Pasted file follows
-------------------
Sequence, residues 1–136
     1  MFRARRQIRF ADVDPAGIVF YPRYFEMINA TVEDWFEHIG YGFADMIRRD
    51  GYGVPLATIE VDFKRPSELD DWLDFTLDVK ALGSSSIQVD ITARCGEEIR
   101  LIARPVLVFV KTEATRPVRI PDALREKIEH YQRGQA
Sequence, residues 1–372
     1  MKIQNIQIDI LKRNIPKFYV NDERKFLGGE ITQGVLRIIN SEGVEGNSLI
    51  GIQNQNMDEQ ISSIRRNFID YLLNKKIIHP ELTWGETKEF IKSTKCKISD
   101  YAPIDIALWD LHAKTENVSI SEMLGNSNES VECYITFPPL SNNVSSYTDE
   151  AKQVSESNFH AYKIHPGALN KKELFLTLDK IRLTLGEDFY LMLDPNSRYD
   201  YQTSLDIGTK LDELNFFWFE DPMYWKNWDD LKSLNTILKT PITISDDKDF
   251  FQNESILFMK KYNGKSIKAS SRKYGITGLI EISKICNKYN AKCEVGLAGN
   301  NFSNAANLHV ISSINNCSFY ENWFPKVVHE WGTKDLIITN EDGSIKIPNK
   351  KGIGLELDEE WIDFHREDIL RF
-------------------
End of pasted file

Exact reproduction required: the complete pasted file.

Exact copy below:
Sequence, residues 1–136
     1  MFRARRQIRF ADVDPAGIVF YPRYFEMINA TVEDWFEHIG YGFADMIRRD
    51  GYGVPLATIE VDFKRPSELD DWLDFTLDVK ALGSSSIQVD ITARCGEEIR
   101  LIARPVLVFV KTEATRPVRI PDALREKIEH YQRGQA
Sequence, residues 1–372
     1  MKIQNIQIDI LKRNIPKFYV NDERKFLGGE ITQGVLRIIN SEGVEGNSLI
    51  GIQNQNMDEQ ISSIRRNFID YLLNKKIIHP ELTWGETKEF IKSTKCKISD
   101  YAPIDIALWD LHAKTENVSI SEMLGNSNES VECYITFPPL SNNVSSYTDE
   151  AKQVSESNFH AYKIHPGALN KKELFLTLDK IRLTLGEDFY LMLDPNSRYD
   201  YQTSLDIGTK LDELNFFWFE DPMYWKNWDD LKSLNTILKT PITISDDKDF
   251  FQNESILFMK KYNGKSIKAS SRKYGITGLI EISKICNKYN AKCEVGLAGN
   301  NFSNAANLHV ISSINNCSFY ENWFPKVVHE WGTKDLIITN EDGSIKIPNK
   351  KGIGLELDEE WIDFHREDIL RF